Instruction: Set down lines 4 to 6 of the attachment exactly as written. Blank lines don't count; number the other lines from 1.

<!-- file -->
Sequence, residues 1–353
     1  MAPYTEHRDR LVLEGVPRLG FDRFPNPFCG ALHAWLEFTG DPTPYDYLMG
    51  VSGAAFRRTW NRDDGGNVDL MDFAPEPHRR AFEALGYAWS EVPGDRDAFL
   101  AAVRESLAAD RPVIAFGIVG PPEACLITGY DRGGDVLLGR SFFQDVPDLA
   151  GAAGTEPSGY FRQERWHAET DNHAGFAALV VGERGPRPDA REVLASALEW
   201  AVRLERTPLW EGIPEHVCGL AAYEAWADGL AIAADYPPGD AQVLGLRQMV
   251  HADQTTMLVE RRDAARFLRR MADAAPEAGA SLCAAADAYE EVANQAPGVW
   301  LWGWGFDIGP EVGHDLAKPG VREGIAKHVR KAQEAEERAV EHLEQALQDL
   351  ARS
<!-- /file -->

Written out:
   101  AAVRESLAAD RPVIAFGIVG PPEACLITGY DRGGDVLLGR SFFQDVPDLA
   151  GAAGTEPSGY FRQERWHAET DNHAGFAALV VGERGPRPDA REVLASALEW
   201  AVRLERTPLW EGIPEHVCGL AAYEAWADGL AIAADYPPGD AQVLGLRQMV